“Doesn’t add up” (Math racism)

While the loony far left dominates colleges, the rigid, absolute mathematics field would seem like an area that would provide a, how shall we say, safe space, from all this.

Alas, that is no longer the case, with the advent of, “A Pathway to Equitable Math Instruction: Dismantling Racism in Mathematics.”

This pompous pamphlet thunderously asserts that the following are racist acts: Expecting students to meet benchmarks; Teaching math in a linear fashion; Focusing on how to get the right answer; Showing one’s work; And raising your hand to be recognized.

While ostensibly meant to somehow bolster Black children, the tract instead belittles them by assuming they should never be expected to gain mathematics proficiency. As Columbia University Linguistics and Music History Professor John McWhorter wrote, “It claims to be about teaching math while founded on shielding students from the requirement to actually do it. This is not pedagogy; it is preaching.”

Mathematics rests on explicitly-formulated definitions and facts. Were this not the case, bridges would collapse, planes would never go airborne, and monetary transactions would be a gibberish nightmares. It would be literally fatal if engineers and mechanics were to adopt such notions as new geometry, woke algebra, or calculus of color.

Math is the same everywhere. There is no German Geometry, Algerian Algebra, or French Fractions. There is no “White Way” of getting the answer and, in fact, the field serves as one of the world’s great equalizers. In math class, there are no essays where one can con their way to an answer without ever saying anything constructive. The answers, and how they are arrived at, are uniform worldwide. But this supposed math handbook, McWhorter notes, “says very little about how to actually teach kids of any ethnicity math. In fact it is detrimental to teaching math by urging the elimination of practices, like having students show their work.”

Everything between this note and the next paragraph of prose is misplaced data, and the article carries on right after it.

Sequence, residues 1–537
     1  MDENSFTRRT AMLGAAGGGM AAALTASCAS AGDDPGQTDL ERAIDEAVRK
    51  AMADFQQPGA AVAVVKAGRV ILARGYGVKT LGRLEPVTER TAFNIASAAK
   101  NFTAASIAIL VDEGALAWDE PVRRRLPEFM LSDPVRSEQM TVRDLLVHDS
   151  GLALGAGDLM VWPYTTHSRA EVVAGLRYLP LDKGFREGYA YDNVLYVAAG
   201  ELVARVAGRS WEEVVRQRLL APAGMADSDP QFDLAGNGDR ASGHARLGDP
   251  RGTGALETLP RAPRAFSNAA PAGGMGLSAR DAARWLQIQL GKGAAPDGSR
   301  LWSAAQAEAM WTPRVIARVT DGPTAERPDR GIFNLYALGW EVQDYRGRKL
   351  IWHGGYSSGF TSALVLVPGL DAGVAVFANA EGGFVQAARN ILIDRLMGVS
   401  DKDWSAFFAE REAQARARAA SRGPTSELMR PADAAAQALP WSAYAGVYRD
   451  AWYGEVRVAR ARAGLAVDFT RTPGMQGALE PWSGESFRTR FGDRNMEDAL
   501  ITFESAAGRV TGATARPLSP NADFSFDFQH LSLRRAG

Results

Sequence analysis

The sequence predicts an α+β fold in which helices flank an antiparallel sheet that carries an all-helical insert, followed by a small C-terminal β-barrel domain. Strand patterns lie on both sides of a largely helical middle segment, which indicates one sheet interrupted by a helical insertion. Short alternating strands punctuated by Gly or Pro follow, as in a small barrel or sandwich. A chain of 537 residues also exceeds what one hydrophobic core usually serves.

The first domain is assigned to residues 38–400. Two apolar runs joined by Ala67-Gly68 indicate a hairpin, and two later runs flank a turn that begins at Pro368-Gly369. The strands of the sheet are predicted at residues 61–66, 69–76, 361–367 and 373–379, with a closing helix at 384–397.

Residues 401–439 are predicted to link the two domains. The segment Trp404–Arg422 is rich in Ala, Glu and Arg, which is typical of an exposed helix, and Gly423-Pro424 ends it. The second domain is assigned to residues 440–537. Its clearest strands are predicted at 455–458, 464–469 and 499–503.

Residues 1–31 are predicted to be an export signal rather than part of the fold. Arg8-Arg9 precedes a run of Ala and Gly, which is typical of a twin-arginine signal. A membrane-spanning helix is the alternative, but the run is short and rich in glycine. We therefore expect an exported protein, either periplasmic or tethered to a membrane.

For while showing work is painted as an instance of White supremacy, the process is essential to correcting errors, it shows students understand the process, and it ensures the answer was not purloined from the kid one desk over.

As to arriving at the correct answer, this entirely reasonable and logical goal is considered a weapon in the White supremacist toolkit. This offensive, paternalistic absurdity assumes that most Black children are incapable of conquering the discipline.

Like McWhorter, Princeton mathematics professor Sergiu Klainerman is pained by this development: “I have witnessed the decline of universities and cultural institutions as they have embraced political ideology at the expense of rigorous scholarship. I had naively thought that the STEM disciplines would be spared from this ideological takeover.”

This now-seemingly complete takeover represents a soft totalitarianism where dissenters are not extra-judicially executed or exiled to Siberia, but are fired, doxed, picketed at home, and have a pound of their flesh extracted by the virtual mob.

Nothing in historical or contemporary mathematics suggests that it should be done in a different way based on geography or that it is race-dependent. To the contrary, math enjoys a long and rich history across the cultures, with major developments and contributions from Egyptians, Babylonians, Greeks, Chinese, Indians, and Arabs. Schools throughout the world teach the same principles and math serves as a universal language.

During international sports competitions, players on both sides may speak nary a word of their opponent’s language, but they are bonded by common rules they all follow. Similarly, race is no barrier to mathematics and this equality makes it the antithesis of supremacism.

2 thoughts on ““Doesn’t add up” (Math racism)

  1. Going out on a limb to say that this was written by a Caucasian male. Implicit bias is real. I agree that the language used in the tool “A Pathway to Equitable Math Instruction: Dismantling Racism in Mathematics” may be off-putting to many, but it doesn’t negate to underlying point.

    Math is UNQUESTIONABLY taught differently in different cultures. Some cultures with highly advanced mathematics didn’t even use base 10 numeral systems (the most well-known being the Mayans, who used base 20). Music uses a base 4 system, and long before computer science was developed there were civilizations that used binary numeral systems).

    We actually kind of suck at teaching math in the U.S. so perhaps we should be looking for advice anywhere we can find it.

    Curious — do you ever cite your sources?

    Nice article about Math Education in the US: https://www.scientificamerican.com/article/why-math-education-in-the-u-s-doesn-t-add-up/

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